AOPA Live!

We made it to this weeks edition of AOPA Live!  Our segment is around the 8:23 mark.

https://www.aopa.org/news-and-media/aopa-live#.V60rmP02mOA.gmail

The real purpose of this blog has and always will be to remove the mystery of airplane ownership and to emphasize that GA aircraft ownership is possible by the middle class.   I am so grateful that the AOPA picked up on this and not only produced this story piece but also highlighted it in their broadcast.


Comments

  1. Outstanding!!!, Just watched your segment on AOPA Live! I might be much older than you but hope to follow in your footsteps on owning my own (cheap) airplane. BTW...Don't be in a big hurry to paint the Cherokee, It's got that RAT ROD look that's 'IN' right now. It took mother nature years to get that look! I would applauded a nice coat of clear LOL. Good Luck with the plane.
    Chris

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  2. Great story! I have always been at the bottom of aviation with old airplanes, lots of DIY maintenance and mogas. It can be done. Having accumulated 4,000+ flight hours on a budget, a few years ago I published a book called "Owner Assisted Aircraft Maintenance" to help fellow aviators with limited funds. It's been a lot of fun!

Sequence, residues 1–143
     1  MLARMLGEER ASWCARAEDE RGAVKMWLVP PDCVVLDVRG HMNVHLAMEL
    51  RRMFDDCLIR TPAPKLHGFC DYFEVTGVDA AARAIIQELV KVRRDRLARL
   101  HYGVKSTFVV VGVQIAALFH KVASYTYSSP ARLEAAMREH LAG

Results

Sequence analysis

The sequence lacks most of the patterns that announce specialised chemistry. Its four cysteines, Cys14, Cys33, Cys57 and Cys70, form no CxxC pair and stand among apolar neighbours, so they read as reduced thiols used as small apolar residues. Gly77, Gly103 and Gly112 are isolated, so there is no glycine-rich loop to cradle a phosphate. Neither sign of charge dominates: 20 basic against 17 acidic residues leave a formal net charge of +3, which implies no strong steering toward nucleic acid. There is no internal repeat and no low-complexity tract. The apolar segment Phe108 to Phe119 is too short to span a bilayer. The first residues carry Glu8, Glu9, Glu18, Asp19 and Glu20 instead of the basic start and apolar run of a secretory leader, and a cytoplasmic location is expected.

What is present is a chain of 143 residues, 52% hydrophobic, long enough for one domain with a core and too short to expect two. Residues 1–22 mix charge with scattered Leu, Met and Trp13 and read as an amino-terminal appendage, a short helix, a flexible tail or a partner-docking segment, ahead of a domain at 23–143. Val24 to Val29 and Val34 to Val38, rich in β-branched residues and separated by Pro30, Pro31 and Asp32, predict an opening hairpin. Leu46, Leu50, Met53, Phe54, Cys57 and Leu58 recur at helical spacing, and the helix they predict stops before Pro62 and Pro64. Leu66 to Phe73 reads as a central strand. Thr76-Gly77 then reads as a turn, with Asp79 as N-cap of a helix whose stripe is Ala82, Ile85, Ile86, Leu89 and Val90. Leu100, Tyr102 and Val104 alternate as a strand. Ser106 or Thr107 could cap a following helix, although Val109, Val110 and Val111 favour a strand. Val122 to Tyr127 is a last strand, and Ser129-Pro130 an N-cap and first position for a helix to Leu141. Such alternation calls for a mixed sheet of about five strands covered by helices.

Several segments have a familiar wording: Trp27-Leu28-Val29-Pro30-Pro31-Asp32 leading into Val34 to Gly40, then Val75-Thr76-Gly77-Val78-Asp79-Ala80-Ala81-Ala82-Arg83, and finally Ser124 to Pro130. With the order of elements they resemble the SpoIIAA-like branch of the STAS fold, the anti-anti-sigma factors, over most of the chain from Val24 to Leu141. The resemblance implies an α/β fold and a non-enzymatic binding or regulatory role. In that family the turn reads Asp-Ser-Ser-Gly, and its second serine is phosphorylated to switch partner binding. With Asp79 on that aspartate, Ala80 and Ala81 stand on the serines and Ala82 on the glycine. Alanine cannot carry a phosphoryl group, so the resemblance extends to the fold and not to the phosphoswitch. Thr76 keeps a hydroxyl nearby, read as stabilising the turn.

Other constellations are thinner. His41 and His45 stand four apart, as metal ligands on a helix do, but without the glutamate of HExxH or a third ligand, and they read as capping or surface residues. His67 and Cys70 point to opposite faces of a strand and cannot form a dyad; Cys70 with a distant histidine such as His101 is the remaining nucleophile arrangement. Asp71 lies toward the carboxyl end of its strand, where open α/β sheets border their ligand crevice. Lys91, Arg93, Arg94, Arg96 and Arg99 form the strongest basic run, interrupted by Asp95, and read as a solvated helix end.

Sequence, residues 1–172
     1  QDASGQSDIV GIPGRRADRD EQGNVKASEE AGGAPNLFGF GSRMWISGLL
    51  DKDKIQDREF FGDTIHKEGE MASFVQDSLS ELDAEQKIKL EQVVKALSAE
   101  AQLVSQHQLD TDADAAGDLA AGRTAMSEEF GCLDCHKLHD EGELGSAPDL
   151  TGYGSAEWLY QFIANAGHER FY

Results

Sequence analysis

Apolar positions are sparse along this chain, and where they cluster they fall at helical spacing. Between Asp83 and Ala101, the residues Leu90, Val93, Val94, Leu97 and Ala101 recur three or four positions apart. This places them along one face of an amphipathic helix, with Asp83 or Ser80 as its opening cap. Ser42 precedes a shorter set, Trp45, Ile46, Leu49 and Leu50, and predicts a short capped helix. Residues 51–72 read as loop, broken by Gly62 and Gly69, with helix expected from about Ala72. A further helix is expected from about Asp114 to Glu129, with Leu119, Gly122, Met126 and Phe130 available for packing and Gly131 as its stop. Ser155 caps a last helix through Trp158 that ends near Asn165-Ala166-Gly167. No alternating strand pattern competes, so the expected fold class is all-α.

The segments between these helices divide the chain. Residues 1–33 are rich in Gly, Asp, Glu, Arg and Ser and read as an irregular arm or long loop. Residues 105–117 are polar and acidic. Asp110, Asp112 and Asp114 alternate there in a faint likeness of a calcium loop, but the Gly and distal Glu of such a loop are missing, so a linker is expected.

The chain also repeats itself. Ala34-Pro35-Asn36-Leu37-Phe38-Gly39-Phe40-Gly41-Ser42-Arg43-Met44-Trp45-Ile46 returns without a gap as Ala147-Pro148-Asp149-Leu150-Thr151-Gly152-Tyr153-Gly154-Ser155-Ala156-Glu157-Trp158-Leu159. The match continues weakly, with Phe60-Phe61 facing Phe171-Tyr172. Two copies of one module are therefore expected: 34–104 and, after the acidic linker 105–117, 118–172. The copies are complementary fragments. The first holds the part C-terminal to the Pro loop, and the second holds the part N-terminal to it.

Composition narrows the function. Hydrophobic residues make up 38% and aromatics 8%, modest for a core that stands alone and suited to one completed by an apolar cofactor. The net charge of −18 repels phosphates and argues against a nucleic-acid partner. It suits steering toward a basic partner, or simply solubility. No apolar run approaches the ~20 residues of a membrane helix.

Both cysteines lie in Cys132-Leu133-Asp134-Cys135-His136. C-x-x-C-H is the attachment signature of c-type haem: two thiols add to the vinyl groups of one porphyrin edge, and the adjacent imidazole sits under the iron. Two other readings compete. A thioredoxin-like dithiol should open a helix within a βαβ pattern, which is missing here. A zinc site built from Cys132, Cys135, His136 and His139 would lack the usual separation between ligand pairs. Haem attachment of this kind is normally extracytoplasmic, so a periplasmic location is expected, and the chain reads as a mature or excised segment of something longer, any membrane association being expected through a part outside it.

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  3. SLICK !

    Was "in your shoes" back in '69 when I re-enlisted in the Navy and got a 1946 Aeronca 7AC that was the only dog on a dirt strip in Coventry, Rhode Island. That was affordable flying back then, and the PA28s were the "top gun" modern trainers of the day.

    Keep on doing what you're doing. You will have many decades of happy flying.

    "Bravo Zulu" ........... "FOGGY" :)

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  4. "...to emphasize that GA aircraft ownership is possible by the middle class."

    Am I the only one not getting a warm and fuzzy feeling, thinking that ownership for the middle class means an un-airworthy, 44 year old airport dog, requiring months of labor?

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    Replies
    1. My statement isn't meant to mean that to get into aviation you must fix up a plane. It's meant to be taken that to get into aviation you do not need to spend 400k on a new airplane. The aopa guys did a good job of highlighting this after the segment in their aopa live broadcast. They reported the average prices from vref and they came up in the 25-30k range.

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